If anyone deserved a promotion, it's Adobe (NASDAQ: ADBE) CEO and president Shantanu Narayen. Coming off another stellar quarter and fiscal year, Narayen has Adobe soaring, and he's earned his recently announced position of board chairman to go alongside his roles as CEO and president. One of the reasons Narayen warrants his chairman role is Adobe's constant pushing of the innovation envelope.
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Adobe has long held the distinction in the design community of being a leading packaged-software provider. But thanks to a few targeted acquisitions and internal development efforts, Adobe is now a cloud leader as well. A recent concept video speaks directly to Adobe's willingness to explore new opportunities, despite what some pundits think.
Adobe Cloud. Image source: Adobe.
Reading between the lines
Shortly after Adobe shared a voice-editing feature it's exploring, it released a "concept video" demonstrating a similar functionality for images. The demo of a voice-activated digital assistant shows a user changing the size, framing, and saving of an image. The demo finishes with a voice command that instantly loads the edited pic onto the user's social-media page.
A number of industry pundits chimed in with their disappointment in the feature, complaining about how "simplistic" it is. They missed the point entirely. There's a reason Adobe called it a concept video: The technology hasn't even progressed to the beta-testing stage. The demo was simply a way to introduce another of the innovations Adobe is undertaking to stay ahead of the curve.
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Some creative types also bemoaned the notion of having to learn another method -- in this case a voice-activated personal assistant -- for editing their projects. But there's a reason some of the biggest players in the tech industry, including Adobe strategic partner Microsoft (NASDAQ: MSFT), are testing voice-activated assistants incorporating artificial intelligence, like the Windows king's Cortana.
According to one estimate, the use of virtual assistants will grow by nearly 35% annually over the next seven years, becoming a more than $11 billion market. As voice-activated tools like Adobe's early-phase editing tool expand their capabilities, just as with Cortana, using the technology will become second nature.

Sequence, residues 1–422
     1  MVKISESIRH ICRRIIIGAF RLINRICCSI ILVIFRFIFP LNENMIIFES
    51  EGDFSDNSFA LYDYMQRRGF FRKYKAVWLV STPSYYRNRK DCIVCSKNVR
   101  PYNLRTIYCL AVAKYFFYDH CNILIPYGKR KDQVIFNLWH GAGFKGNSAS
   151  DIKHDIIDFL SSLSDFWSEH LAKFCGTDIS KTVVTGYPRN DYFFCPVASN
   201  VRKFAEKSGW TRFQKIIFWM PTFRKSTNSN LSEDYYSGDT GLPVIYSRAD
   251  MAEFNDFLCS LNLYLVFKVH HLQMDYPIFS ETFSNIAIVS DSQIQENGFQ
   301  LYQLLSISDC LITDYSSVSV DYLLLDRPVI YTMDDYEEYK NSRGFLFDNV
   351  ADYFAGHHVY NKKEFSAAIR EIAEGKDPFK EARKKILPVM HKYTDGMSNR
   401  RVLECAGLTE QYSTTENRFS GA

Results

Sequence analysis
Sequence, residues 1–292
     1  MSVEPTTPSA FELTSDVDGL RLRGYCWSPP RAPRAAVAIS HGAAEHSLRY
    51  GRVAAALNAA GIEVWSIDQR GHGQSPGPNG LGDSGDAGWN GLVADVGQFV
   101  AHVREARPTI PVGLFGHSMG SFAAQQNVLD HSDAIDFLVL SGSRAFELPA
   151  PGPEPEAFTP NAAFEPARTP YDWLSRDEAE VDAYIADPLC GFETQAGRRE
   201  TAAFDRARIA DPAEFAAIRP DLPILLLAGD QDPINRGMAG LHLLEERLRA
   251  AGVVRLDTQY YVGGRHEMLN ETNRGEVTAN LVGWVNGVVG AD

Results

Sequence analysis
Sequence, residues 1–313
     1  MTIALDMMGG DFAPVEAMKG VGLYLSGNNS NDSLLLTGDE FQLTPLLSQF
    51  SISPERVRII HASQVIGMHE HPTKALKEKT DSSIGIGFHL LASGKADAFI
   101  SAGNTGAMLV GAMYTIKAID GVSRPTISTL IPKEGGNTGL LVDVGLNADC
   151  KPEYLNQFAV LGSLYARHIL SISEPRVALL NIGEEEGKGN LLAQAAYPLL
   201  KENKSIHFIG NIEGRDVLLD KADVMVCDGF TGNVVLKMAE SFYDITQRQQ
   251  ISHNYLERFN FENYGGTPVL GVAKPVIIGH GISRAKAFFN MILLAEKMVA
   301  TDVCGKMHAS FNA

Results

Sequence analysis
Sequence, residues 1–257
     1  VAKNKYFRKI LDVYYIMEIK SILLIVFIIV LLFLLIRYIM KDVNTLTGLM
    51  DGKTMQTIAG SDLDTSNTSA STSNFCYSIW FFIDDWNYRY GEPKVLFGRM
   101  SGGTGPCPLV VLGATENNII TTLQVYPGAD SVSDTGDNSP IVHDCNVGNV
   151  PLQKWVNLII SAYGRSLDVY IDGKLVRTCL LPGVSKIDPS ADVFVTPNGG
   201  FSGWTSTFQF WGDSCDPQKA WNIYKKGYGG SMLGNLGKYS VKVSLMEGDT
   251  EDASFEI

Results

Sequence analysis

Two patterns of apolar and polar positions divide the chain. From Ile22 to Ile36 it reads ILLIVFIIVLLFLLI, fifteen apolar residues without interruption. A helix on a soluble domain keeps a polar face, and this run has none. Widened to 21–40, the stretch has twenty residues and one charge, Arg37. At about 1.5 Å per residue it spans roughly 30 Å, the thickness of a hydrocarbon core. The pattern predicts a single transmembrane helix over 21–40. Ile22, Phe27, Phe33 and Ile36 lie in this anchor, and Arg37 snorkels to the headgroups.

The bigger picture
Setting the criticisms aside, Adobe's editing demo speaks directly to its commitment to innovation. In addition to working together on incorporating virtual reality (VR) and augmented reality (AR) into Adobe's design solutions -- a natural fit for creative folks -- the two companies recently partnered in the cloud, using Microsoft's Azure platform to incorporate artificial intelligence (AI) and advanced analytics into Adobe's Marketing Cloud solutions.
Just as with its editing-assistant demo, the strategic alignment with Microsoft is an indication that Adobe has no intention of resting on its laurels, which should be music to the ears of investors -- particularly those concerned with Adobe's incredible performance of late.
Coming off a quarter and fiscal year in which Adobe reported record revenue of $1.61 billion and $5.85 billion respectively, its shareholders have enjoyed a 44% jump in stock price the past 12 months. Some may question Adobe's relative value, given its trading at a whopping 49 times earnings. Don't.
Due in part to continuously exploring cutting-edge new features and technologies, Adobe stock is trading at a mere 24 times forward earnings, less than half its current valuation. Another feather in Adobe's cap is that its transition to an annual recurring revenue (ARR) model is hitting on all cylinders. Adobe exited last quarter with trailing ARR of $4.01 billion.
In addition to building a strong, relatively stable revenue foundation, ARR also gives Adobe the flexibility to focus its spending on developing new advanced functionalities. Much of the 12.7% increase in operating expenses last year, which was more than offset by Adobe's 22% increase in revenue, was spent on research and development.
Adobe's decision to act, rather than react, to the ever-changing possibilities offered by new technologies is a big reason it will continue to outperform its peers...despite what near-sighted pundits may think.
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Teresa Kersten is an employee of LinkedIn and is a member of The Motley Fool's Board of Directors. LinkedIn is owned by Microsoft. Tim Brugger has no position in any stocks mentioned. The Motley Fool recommends Adobe Systems. The Motley Fool has a disclosure policy.